Support our mission
Signage outside the LA Convention Center for the Summit of the Americas in Los Angeles on June 7, 2022.

Signage outside the LA Convention Center for the Summit of the Americas in Los Angeles on June 7, 2022. (Kyle Grillot/Bloomberg)

President Joe Biden's attempt to shift focus to the Western Hemisphere has gotten off to a bumpy start, with the leader of Mexico snubbing his invitation to a Los Angeles summit this week and doubts swirling about the strength of U.S. influence in the region.

The White House has billed the Summit of the Americas that Biden will attend starting Wednesday as a chance to tackle regional challenges including migration, climate change and economic disparities. Yet the president's attention has been diverted by unrelenting crises including inflation, the war in Ukraine and a baby-formula shortage in the world's largest economy.

Decisions by Mexican President Andres Manuel Lopez Obrador and key Central American leaders to skip the California meetings have overshadowed Biden's agenda and highlighted diminished U.S. clout. Though attendees are expected to sign agreements on migration and other issues that have plagued the region for decades, the specifics are in many cases vague and experts say major breakthroughs are unlikely.

"In a world where people are losing faith in democracy, it gets even more difficult to show real results," said Andrew Rudman, director of the Woodrow Wilson Center's Mexico Institute. "They're not problems that a single country can fix but they're also not problems you can fix quickly."

Biden has sought to repair relationships in Latin America frayed over former President Donald Trump's hard-line demands on immigration and trade. Biden will be the first U.S. leader to attend the summit — held about every three years — since 2015. The U.S. last hosted the gathering in 1994.

The U.S. president wants to advance democratic governance at the confab — a subject of the original summit in 1994 and a main theme of his presidency. His administration decided against inviting the autocratic leaders of Cuba, Venezuela and Nicaragua to Los Angeles, a move that triggered Lopez Obrador's boycott and highlights divisions over U.S. efforts to project power over its neighbors.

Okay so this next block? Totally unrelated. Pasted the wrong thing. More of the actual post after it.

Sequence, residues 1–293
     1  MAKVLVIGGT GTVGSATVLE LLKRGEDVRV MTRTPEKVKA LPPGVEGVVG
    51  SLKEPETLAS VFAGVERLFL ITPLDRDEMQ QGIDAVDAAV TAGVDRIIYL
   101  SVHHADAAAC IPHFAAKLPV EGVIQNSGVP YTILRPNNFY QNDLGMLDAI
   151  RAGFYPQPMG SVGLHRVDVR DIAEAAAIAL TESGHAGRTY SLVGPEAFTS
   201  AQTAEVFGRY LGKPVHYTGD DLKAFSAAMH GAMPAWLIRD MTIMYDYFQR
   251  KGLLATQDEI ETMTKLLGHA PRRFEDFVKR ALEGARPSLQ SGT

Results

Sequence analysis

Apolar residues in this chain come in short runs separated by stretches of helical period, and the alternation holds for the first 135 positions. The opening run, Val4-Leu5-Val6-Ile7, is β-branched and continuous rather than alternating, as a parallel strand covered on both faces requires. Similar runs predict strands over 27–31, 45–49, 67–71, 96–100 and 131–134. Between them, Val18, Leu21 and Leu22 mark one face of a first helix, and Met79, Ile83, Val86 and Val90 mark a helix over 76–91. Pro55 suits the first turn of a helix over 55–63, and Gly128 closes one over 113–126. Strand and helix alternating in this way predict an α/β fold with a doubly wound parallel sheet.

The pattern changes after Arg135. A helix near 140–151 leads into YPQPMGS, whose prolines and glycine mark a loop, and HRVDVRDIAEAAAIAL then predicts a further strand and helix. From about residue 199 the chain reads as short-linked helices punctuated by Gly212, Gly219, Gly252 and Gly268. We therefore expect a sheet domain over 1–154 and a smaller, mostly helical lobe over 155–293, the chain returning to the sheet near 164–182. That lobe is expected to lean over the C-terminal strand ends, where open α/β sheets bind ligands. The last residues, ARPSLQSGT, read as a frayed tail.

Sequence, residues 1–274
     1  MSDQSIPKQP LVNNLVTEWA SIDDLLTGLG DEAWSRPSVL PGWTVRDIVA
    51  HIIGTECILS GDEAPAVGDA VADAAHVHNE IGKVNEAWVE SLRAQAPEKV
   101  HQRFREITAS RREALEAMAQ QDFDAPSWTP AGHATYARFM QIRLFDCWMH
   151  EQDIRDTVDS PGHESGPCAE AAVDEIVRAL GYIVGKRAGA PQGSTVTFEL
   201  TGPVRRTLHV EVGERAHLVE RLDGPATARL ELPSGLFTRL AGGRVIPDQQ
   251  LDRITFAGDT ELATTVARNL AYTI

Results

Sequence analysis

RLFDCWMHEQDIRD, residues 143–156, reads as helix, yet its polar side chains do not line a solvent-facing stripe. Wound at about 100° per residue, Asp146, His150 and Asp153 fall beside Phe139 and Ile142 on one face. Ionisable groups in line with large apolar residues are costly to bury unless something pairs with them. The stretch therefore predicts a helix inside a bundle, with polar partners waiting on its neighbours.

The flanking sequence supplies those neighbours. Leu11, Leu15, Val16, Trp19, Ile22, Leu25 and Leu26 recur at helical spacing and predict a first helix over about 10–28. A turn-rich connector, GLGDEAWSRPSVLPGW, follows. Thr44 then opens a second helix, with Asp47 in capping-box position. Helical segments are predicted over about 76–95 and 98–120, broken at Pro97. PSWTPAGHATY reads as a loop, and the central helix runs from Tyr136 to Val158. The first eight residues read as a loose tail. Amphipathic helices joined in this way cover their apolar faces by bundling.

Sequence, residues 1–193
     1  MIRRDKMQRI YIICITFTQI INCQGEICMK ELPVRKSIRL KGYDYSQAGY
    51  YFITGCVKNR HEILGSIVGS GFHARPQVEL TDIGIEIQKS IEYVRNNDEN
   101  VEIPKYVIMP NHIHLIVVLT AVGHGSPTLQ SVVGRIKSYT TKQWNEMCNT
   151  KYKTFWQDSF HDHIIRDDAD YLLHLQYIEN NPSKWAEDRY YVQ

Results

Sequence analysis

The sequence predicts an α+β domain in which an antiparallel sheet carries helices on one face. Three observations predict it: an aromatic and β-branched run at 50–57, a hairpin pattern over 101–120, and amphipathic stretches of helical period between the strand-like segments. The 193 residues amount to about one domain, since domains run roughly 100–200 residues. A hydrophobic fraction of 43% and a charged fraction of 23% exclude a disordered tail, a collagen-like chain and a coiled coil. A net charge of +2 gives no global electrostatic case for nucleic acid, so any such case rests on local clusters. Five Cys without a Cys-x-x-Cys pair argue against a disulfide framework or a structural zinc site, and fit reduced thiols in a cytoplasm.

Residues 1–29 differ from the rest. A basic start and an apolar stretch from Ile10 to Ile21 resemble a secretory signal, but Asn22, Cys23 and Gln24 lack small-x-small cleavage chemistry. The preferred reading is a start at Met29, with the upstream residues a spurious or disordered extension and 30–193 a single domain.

The leaders of the Northern Triangle countries of Guatemala, Honduras and El Salvador — which have long been major sources of migration to the U.S. — also will not attend, raising questions about whether the nations can broker any lasting agreement on the issue.

"The Summit of the Americas is a reflection of a polarized hemisphere where there is a great deal of fragmentation, polarization and populism," said former Mexican foreign ministry official Vanessa Rubio Marquez.

A regional migration pact is set to be the centerpiece of Biden's summit visit. The document is expected to be signed Friday, according to a senior administration official. Participating countries will pledge financial support for nations hosting large migrant populations and improvements on cooperation to better control flows of people across the region and provide them legal jobs, according to a draft declaration seen by Bloomberg News.